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Fans Can Relate as 'Bogus' Orphan Offers a Piece of His Mind

In "Bogus," a desperately lonely 7-year-old orphan named Albert copes with a reluctant caretaker by inventing a wise, compassionate and totally imaginary friend (Gerard Depardieu). (Rated PG)


In some movies, it's an angel. In others, it's a ghost. Here, it's Bogus, a big and big-hearted Frenchman (Depardieu), one of the most kid-friendly advisors from another world ever invented.

Whether they admit to it or not, most kids can relate to having an invisible friend who, sprung from their own imagination, knows them inside out.

"All my friends wanted to see it," said 10-year-old Sarah Darling of Irvine, one of the few kids to admit she and her friends once had imaginary pals. "I really liked it. It was really sweet and heartwarming and stuff."

But the movie also has a dark side she and some others did not expect. Sarah said she came close to tears at the graveside funeral of Albert's mother, a loving Vegas showgirl killed in a car crash. Chris Lawson, 9, also of Irvine, was left with a strong visual memory of that crash.

"I thought [the movie] would be fun," Chris said. "It was fun, but also sad."

After his mother's death, the boy (Haley Joel Osment) is sent to live in Newark, N.J., with his godmother, Harriet Franklin (Whoopi Goldberg)--a lonely, single businesswoman with no time for children. Albert is flying alone to meet her when a face he is drawing comes to life and speaks to him. Just like the Vegas magician he wishes had adopted him, Bogus speaks English with a French accent.

When Harriet, a former foster child, employs her "Get over it, we don't always get choices in life" style of parenting, Bogus tries to help Albert understand. "She's nervous," he explains. "She needs a friend."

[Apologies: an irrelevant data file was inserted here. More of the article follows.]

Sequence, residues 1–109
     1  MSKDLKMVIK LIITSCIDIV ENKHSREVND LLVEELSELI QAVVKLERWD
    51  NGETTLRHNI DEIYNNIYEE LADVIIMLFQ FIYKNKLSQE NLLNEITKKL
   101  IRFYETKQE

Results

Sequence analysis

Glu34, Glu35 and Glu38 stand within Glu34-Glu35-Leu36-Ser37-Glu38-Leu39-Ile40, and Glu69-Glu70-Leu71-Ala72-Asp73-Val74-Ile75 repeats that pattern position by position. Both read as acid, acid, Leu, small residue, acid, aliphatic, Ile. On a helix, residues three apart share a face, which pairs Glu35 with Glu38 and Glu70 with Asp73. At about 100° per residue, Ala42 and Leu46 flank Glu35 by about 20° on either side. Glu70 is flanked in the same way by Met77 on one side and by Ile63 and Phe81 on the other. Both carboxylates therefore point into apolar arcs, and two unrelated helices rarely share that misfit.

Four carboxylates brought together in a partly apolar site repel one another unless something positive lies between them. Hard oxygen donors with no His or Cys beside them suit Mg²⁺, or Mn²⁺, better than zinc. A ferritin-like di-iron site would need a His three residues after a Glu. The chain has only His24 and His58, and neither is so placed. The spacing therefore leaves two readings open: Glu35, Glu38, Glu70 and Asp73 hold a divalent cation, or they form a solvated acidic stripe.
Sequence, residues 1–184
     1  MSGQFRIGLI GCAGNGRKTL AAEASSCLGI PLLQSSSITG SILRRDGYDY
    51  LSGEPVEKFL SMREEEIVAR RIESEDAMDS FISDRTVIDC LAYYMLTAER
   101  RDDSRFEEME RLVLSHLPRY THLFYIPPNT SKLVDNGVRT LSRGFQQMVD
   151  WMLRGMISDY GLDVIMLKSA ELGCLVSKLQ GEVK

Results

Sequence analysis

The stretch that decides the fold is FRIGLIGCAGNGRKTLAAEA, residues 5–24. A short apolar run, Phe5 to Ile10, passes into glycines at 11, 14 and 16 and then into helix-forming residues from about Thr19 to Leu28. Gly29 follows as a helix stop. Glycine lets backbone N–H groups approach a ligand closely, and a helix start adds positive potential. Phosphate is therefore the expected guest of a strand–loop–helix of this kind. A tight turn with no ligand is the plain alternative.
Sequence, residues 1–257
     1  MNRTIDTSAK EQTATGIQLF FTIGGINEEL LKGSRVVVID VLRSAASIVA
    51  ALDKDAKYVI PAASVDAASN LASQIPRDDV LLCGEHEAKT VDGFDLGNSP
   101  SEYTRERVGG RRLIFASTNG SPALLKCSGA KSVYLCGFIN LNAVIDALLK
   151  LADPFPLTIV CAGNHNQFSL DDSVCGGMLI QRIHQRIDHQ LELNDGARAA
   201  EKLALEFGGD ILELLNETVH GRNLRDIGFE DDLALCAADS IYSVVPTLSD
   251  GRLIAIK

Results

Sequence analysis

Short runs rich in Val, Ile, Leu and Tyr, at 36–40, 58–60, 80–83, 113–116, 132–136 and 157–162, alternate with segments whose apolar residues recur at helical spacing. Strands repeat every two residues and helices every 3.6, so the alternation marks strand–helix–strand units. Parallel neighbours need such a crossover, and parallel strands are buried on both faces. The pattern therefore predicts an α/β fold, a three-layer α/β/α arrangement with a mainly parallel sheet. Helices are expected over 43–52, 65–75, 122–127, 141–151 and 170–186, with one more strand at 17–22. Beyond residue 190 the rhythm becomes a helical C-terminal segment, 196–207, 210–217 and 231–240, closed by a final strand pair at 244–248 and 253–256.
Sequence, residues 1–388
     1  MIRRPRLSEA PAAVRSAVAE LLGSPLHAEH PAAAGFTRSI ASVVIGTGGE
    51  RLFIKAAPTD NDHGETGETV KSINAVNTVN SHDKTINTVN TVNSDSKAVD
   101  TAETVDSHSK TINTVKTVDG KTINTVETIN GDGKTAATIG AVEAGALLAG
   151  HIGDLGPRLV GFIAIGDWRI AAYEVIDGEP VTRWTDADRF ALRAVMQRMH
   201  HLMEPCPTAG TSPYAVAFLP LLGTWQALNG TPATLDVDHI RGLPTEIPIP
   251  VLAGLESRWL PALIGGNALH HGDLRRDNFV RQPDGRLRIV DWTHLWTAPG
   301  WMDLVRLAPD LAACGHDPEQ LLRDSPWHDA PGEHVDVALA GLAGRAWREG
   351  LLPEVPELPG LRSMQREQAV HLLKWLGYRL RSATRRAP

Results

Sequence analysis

Meanwhile, Bogus attempts to get through to Harriet and remind her what children need to overcome their fears. Comfort first, then soup. As a model of empathy, Bogus provides an ideal parenting primer for workaholic parents too busy to notice, appreciate or play with the children in their home.

Sarah called Harriet the type of parent who "didn't have time to play and take time off with [Albert] and she should have because he's a kid. She was supposed to spend time with him, but she cared more about her work and didn't have any experience being a mother."

Younger children might get confused by the climax when Albert, tempted to retreat totally into his imagination, climbs a ladder in the clouds--in reality, the fire escape outside his room in Harriet's apartment. Sarah explained that "He was trying to get away from being there. He wanted to be in Las Vegas with his mom again."

In the end, she said, she was left with the message that imaginary friends are there to use when you need them but not, perhaps, all the time.

So was her imaginary friend with her at the screening? Don't bother asking skeptics such as her younger brother.

"He used to call me crazy," Sarah said. "And then after that, he thought his bear was alive."

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